continual/continuous shifting of attention

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Senior Member
Hello. The first of the sentences below is from Cambridge Online Dictionary, whereas the latter from an episode of "Note to Self", a podcast by WYNC.

"During the press conference, each boxer tried to stare the other down (=force the other to look away by continual staring)."

"There is a continual shifting of attention throughout the day."

In both samples, do you think it is possible to replace continual with continuous without any loss in the meaning?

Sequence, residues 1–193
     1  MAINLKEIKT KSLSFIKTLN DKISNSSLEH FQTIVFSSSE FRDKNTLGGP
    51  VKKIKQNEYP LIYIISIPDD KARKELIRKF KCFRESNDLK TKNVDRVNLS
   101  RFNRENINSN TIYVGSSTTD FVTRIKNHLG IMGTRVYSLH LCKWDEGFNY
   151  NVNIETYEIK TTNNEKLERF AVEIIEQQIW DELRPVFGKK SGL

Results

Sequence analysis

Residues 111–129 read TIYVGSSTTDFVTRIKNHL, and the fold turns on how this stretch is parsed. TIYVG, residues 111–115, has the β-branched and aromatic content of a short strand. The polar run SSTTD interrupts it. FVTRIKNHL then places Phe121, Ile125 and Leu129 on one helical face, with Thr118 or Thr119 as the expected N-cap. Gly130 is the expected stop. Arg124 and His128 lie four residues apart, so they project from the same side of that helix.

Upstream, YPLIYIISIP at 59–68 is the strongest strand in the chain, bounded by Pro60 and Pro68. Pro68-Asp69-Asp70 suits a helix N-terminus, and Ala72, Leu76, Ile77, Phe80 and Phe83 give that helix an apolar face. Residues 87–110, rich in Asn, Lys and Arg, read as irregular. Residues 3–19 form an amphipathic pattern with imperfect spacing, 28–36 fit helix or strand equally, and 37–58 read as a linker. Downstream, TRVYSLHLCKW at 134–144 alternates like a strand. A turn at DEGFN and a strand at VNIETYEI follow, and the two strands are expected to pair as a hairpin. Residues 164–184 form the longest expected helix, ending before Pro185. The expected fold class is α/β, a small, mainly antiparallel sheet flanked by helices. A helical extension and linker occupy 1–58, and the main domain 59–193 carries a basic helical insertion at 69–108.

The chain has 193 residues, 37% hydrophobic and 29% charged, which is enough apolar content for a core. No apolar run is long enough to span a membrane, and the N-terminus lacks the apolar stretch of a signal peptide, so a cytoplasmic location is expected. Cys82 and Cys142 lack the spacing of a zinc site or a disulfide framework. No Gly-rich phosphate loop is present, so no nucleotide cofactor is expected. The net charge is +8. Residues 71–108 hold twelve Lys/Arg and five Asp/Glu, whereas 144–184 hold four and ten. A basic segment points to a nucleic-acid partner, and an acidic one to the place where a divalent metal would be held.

• Dretagoto

    Senior Member
    Inglés británico
    From the Word Reference dictionary:

    Use continual for actions that are repeated frequently or occur over and over again (especially actions that are annoying): The dog's continual barking was driving me nuts. The word continuous is used for actions that keep going and do not stop: The world of that novel was one long continuous war, between Eastasia and Oceania, or Eurasia and Oceania, it never mattered which.
    So, no, technically you couldn't replace them, because the meaning will change, at least a little. However, lots of native English-speakers use these two terms incorrectly and interchangeably, so your sentences would still be understood, even if you changed the word.
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